More than a dozen children were taken to Uvalde Memorial Hospital and a a 66-year-old woman and 10-year-old girl are in critical condition at San Antonio's University Hospital.
Two police officers were also hit while exchanging gunfire with the suspect and sustained "non-life-threatening injuries".
During a news conference this afternoon, local police chief Pete Arredondo described the shooting as a "mass casualty event" at a school with the pupils aged between 7 and 10 years.
Federal law enforcement officials said the death toll was expected to rise.
They spoke on condition of anonymity because they were not authorised to release investigative details.
Senator Chris Murphy demanded answers, saying: "What are we doing?…This only happens in this country and nowhere else.
"Nowhere else do little kids go to school thinking that they might be shot that day.
"Why do you spend all this time running for the United States Senate...if your answer, is as the slaughter increases, as our kids run for their lives—we do nothing?"
In a statement, President Joe Biden ordered US flags be flown at half-staff at the White House and other public buildings "as a mark of respect for the victims" until sunset on May 28.
"When in God's name are we going to stand up to the gun lobby?" he said at the White House on Tuesday evening.
With first lady Jill Biden standing by his side in the Roosevelt Room, Mr Biden added: "I am sick and tired.
"We have to act."
Uvalde elementary school, which has 600 students enrolled, is located 60 miles east of the Mexican border and 80 miles west of San Antonio.
Tributes from across America have flooded in including from government officials, with Governor Abbott writing: "Texans across the state are grieving for the victims of this senseless crime and for the community of Uvalde.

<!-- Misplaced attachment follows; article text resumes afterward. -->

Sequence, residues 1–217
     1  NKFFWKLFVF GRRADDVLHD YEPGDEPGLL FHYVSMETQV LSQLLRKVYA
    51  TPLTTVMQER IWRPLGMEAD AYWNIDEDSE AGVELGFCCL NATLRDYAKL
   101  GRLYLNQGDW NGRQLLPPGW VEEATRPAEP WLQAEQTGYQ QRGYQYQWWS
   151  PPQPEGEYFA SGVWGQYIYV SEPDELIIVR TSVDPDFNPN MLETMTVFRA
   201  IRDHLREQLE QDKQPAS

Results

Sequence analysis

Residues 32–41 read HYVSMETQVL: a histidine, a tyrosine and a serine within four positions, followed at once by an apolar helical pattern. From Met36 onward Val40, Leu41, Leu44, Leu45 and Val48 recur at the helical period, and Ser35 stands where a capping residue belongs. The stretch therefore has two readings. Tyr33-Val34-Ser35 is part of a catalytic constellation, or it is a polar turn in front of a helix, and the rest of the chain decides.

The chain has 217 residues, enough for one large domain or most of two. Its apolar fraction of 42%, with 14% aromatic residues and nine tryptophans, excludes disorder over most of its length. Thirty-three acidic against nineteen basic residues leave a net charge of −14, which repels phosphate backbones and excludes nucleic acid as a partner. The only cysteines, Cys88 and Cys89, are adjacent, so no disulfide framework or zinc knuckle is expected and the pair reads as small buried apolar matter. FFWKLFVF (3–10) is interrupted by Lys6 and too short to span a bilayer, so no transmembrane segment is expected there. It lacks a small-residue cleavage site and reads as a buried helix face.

"Cecilia and I mourn this horrific loss and we urge all Texans to come together to show our unwavering support to all who are suffering. We thank the courageous first responders who worked to finally secure Robb Elementary School.
"I have instructed the Texas Department of Public Safety and the Texas Rangers to work with local law enforcement to fully investigate this crime.
"The Texas Division of Emergency Management is changed with providing local officials all resources necessary to respond to this tragedy as the State of Texas works to ensure the community has what it needs to heal."
Civil rights attorney Colin Allred said: "In Uvalde, another senseless act of gun violence has taken innocent lives... my heart breaks for our fellow Texans and I'm praying for those going through unimaginable pain. It doesn't have to be this way."
The massacre of young children was another gruesome moment for a country scarred by an almost ceaseless string of mass killings at churches, schools and stores.
It is the deadliest shooting at a US grade school since a gunman killed 20 children and six adults at Sandy Hook Elementary in Newtown, Connecticut, almost a decade ago.
The prospects for any reform in the nation's gun regulations seem at least as dim now as they did then.
Efforts by politicians to change US gun policies in any significant way have consistently faced roadblocks from Republicans and the influence of outside groups such as the NRA.
It also comes less than two weeks after a gunman opened fire at a supermarket in Buffalo, New York, which killed 10 black shoppers and workers.
In 2018, a gunman fatally shot 10 people at Santa Fe High School in the Houston area. A year before that, a gunman at a Texas church killed more than two dozen people during a Sunday service in the small town of Sutherland Springs. In 2019, another gunman at a Walmart in El Paso killed 23 people in a racist attack.
The shooting came days before the National Rifle Association (NRA) annual convention was set to begin in Houston.